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6. Where u=sqrt(B^2/4-C).
Simply:
This is the famous quadratic root formula, but with A=1.
Luc
This is the famous quadratic root formula, but with A=1.
Well, duh! You didn't expect a different answer, did you? 😉
What I found noteworthy, that maybe didn't come across in my post, was the development of the solution in his paper, https://arxiv.org/abs/1910.06709, was the logic behind the derivation. (I like starting from basics and developing the solution rather than memorizing an equation. Probably because my memory is so poor.)
First off: I did not mean to be offensive in any way. Please accept my apologies if my reaction came across that way.
No, I did not expect a different answer.
Unfortunately the link you provide does not work (for me), but I was able to follow the gist of the 'derivation' by the 5 steps. I felt that the calculation to find the value of u should be explicit, rather than just hinted at in step 4. Hence my step 6; in hindsight this should be added to step 4.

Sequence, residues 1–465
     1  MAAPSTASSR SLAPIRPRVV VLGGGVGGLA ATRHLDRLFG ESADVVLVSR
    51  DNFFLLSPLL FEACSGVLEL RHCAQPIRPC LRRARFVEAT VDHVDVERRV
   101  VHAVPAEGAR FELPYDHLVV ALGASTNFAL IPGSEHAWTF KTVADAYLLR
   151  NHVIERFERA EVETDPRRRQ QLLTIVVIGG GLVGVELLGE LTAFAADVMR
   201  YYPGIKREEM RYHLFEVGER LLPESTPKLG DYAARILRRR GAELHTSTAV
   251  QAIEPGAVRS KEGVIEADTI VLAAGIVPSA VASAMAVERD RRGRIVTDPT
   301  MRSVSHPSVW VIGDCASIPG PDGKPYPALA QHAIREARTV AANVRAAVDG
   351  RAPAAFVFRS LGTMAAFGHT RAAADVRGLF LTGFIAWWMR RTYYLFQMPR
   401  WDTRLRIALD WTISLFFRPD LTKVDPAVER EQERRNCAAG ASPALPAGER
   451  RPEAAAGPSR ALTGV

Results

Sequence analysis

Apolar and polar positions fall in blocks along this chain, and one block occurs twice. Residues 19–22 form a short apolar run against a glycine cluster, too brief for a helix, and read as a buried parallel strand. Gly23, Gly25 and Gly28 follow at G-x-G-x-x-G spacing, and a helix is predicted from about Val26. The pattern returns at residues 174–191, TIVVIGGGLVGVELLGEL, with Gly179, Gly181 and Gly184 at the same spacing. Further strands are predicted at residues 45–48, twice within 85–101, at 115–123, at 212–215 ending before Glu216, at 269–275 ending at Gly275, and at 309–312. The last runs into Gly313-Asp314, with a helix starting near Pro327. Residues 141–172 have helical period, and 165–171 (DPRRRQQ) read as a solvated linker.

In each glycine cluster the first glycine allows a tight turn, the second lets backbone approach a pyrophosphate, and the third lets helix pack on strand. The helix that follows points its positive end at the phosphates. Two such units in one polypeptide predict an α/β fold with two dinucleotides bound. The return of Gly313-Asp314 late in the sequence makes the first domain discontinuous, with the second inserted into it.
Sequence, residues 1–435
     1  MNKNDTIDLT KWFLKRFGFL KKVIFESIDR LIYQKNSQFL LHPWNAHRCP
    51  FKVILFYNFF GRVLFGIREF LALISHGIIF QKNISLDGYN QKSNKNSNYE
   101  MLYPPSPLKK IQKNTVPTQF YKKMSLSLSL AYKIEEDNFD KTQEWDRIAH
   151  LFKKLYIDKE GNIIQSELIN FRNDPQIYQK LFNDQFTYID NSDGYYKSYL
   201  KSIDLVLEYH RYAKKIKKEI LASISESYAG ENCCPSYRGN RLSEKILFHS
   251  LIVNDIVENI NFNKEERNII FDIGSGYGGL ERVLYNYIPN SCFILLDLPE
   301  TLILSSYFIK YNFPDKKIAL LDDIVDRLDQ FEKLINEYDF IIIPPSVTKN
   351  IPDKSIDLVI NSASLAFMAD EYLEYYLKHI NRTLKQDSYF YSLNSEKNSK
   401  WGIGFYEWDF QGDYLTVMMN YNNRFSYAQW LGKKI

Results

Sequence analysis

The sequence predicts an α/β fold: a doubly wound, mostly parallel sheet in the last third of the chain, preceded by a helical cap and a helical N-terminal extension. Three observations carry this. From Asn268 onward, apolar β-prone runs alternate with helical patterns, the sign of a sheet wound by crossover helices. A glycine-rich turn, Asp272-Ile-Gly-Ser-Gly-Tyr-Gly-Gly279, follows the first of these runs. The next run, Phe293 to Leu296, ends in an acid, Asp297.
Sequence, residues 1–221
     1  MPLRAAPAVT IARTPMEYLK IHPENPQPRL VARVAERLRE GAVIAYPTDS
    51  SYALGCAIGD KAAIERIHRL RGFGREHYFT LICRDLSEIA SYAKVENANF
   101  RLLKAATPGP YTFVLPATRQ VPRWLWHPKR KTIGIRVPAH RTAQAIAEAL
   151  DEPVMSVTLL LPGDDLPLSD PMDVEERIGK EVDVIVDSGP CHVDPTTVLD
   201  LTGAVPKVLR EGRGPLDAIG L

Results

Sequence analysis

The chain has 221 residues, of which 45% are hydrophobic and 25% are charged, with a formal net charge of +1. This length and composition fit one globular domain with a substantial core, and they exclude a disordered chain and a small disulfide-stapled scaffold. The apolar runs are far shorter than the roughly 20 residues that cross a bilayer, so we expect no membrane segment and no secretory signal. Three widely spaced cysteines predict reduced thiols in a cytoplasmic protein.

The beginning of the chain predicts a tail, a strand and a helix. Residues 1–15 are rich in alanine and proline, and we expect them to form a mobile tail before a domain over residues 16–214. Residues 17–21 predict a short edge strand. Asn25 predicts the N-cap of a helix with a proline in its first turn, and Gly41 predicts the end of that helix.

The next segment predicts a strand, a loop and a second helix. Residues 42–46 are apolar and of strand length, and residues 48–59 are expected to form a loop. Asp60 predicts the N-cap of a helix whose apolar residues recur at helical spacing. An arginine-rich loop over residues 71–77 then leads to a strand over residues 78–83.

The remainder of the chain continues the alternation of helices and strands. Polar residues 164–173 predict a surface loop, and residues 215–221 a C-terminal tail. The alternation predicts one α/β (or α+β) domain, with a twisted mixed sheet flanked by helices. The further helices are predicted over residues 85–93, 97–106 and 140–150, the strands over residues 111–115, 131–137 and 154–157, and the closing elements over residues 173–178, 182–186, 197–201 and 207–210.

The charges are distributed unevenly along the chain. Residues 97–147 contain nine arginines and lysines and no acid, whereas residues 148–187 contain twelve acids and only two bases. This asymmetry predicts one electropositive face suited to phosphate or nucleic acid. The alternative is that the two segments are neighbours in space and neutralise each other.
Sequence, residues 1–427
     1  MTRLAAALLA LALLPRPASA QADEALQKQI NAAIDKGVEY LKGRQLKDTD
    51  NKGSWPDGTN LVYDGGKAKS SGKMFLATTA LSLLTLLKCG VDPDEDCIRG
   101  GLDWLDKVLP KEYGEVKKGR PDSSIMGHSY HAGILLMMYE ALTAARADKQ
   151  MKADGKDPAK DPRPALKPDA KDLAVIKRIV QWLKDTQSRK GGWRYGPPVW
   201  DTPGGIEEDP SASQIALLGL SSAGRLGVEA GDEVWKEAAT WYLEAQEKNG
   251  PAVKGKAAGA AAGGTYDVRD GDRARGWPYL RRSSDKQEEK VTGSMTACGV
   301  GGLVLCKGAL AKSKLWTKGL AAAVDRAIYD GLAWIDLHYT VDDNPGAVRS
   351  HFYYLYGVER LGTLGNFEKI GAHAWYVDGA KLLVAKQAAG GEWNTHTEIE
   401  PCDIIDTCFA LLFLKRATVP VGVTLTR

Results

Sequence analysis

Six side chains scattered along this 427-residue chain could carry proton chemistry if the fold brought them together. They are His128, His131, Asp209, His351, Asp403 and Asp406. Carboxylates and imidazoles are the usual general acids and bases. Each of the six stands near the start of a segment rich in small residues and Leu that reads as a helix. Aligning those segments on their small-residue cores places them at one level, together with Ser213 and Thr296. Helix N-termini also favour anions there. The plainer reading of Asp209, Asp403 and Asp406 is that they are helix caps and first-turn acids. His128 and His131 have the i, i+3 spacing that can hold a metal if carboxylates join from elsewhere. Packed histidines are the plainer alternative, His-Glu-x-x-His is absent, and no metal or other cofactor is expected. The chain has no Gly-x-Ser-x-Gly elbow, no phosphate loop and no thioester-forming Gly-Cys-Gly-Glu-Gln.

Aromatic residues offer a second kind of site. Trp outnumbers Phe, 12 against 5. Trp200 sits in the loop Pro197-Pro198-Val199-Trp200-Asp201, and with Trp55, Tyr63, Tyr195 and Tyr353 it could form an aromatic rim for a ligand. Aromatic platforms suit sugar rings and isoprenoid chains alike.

Note that the method also works for Ax^2+Bx+C=0 as follows: Divide the entire quadratic by A, gives you x^2 + B'x+C'=0, with B'=B/A and C'=C/A.
Luc
I took no offense, and hope I didn't give any.
Try a Google search on "po shen loh quadratic equation" which should point you to https://www.nytimes.com/2020/02/05/science/quadratic-equations-algebra.html eventually.
That link works immediately. Thanks!
Luc
@LucMeekes wrote:
.....
Unfortunately the link you provide does not work (for me),
The comma after the address was mistakenly still part of the link. So it should only be
https://arxiv.org/abs/1910.06709
A nice find.